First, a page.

- Use a high quality bread flour. Bread flour has a high protein content which equates to more gluten which means good chew to your crust and crumb and a higher success rate for a rise. I’ve been using King Arthur Flour bread flour for years. I’ve tried over brands and I haven’t liked the results as much.
- Water should be distilled and at room temperature. (This part is so important that I mention it twice). Sourdough is like a newborn baby and you don’t give babies tap water. You can get a gallon of distilled water for under a dollar, and it will make roughly four batches of sourdough.
- Weigh your ingredients. You can use cups to measure but you’ll get consistent results by using a scale. Flour varies for many reasons like humidity and how packed down it is. Weighing gives you the best results.
- White rice flour will be your best friend. It’s like teflon for a wet dough. When you store your dough in the fridge it’s almost guaranteed to stick to whatever container you put it in unless you use insane amounts of flour. Wheat flour dough won’t stick to rice flour and you’ll be able to plop your dough out of it’s banneton, or bowl, with ease. Trust me on this. I’ve had some epic fails before learning this trick.
How to not kill your sourdough starter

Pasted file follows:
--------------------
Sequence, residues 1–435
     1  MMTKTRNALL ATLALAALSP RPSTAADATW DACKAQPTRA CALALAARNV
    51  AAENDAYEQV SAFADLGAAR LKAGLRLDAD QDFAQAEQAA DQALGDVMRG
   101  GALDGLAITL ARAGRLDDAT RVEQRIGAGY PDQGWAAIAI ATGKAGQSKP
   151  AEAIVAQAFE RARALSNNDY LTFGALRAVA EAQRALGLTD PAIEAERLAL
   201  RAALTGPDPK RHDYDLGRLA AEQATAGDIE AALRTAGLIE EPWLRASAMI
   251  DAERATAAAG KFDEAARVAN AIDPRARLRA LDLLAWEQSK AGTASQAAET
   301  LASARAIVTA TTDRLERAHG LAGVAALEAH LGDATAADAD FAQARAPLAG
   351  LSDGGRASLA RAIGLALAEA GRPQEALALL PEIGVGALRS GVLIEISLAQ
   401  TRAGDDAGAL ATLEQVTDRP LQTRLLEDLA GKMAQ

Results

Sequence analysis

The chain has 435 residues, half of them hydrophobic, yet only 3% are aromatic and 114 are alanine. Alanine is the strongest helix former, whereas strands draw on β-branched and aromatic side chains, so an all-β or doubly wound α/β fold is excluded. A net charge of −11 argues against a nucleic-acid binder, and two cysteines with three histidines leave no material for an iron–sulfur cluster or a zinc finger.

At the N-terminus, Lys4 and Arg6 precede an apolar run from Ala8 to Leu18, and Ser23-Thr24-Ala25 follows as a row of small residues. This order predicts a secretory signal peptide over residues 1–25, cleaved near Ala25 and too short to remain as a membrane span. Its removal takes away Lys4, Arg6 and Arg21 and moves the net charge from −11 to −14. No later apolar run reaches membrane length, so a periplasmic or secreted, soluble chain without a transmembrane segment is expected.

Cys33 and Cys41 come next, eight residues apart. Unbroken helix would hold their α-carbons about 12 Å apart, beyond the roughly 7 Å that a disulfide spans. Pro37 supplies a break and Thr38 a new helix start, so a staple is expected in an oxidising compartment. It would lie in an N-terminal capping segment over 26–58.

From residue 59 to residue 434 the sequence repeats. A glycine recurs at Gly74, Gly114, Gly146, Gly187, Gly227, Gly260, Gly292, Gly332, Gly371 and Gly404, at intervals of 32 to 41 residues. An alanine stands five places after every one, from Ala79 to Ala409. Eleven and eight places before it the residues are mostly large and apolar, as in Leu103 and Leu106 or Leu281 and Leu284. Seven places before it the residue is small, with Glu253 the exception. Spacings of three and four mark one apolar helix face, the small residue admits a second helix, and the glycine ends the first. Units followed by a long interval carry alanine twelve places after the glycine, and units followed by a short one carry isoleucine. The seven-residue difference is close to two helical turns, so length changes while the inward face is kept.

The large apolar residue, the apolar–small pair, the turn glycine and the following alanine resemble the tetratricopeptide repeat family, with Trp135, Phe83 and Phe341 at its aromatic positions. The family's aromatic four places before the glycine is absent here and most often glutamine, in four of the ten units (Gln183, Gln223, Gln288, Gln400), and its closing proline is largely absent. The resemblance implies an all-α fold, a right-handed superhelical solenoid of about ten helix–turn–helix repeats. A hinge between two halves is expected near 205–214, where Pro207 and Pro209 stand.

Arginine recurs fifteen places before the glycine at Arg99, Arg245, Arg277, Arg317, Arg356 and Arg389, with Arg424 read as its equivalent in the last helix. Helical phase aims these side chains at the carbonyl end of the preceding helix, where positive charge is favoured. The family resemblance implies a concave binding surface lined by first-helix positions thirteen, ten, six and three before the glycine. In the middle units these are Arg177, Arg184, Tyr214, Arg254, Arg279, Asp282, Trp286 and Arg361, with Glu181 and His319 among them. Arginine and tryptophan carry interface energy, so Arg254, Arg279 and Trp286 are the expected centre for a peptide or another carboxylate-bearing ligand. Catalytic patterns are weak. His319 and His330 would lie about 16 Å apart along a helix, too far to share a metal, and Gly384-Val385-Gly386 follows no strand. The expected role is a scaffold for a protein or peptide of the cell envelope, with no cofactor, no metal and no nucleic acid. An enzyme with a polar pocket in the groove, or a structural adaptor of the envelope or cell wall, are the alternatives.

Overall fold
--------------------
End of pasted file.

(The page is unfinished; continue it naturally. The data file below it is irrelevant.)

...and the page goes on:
- Use distilled water always. Tap water has chemicals in it that can slow the yeast, make it funky, or kill it entirely. Seriously. Use distilled water.
- Industrially packed yeast starts to die out at 120 F and will be dead dead by 140 F. For comparison, most moderately hot showers are around 110 F and the hot water coming from your water heater is probably around 140 F. So, make sure that nothing is hot.
- Yeast loves warm. 70-80 F is optimal for a good rise and active yeast. However, cold won’t kill it. Refrigeration, aka to retard, slows yeast metabolization which basically means it’ll eat slower.
- Ensure everything is clean and thoroughly rinsed. Let your equipment air dry for best results.
- Use plastic, glass, or ceramic containers for the rising (AKA proofing) time. Metal reacts with the yeast and can kill it.
How to get a good rise
- Give it time. Lots of time. Like a lot of time. A truly good sourdough takes days of rising both on the counter and in the fridge.
- Use an enamel lined dutch oven to bake it. This is the key to homemade sourdough. The dutch oven traps steam inside which gives your dough time to spring up before the crust bakes hard. Baking on a sheet hardens the outside faster than the inside can warm up and rise.
- Be gentle when handling your dough. The less you bread down the air pockets in your dough the better rise you’ll have which makes for an airy and pocked crumb (the inside of bread).
Tools to use
Remember that sourdough is an ancient bread. People have been making it for thousands of years, and they didn’t have any fancy tools. They had some flour they ground up using rocks, water they found, and a fire. If they can make it, so can you. However, there are some 21st century tools that will give you a higher success rate and generally make your life easier.
- Kitchen scale to weight ingredients for precision
- Bench scraper
- 8 quart clear food bin
- Banneton (bread basked made for proofing)
- Digital food thermometer
- 6 quart enamel lined cast iron dutch oven
- Parchment paper
Watch this 2 min video of the entire process in time lapse before jumping into the recipe. I’ll give you a better idea of the stages and steps.
No Knead Beginners Sourdough Bread Recipe
Ingredients (see below for cups measurements)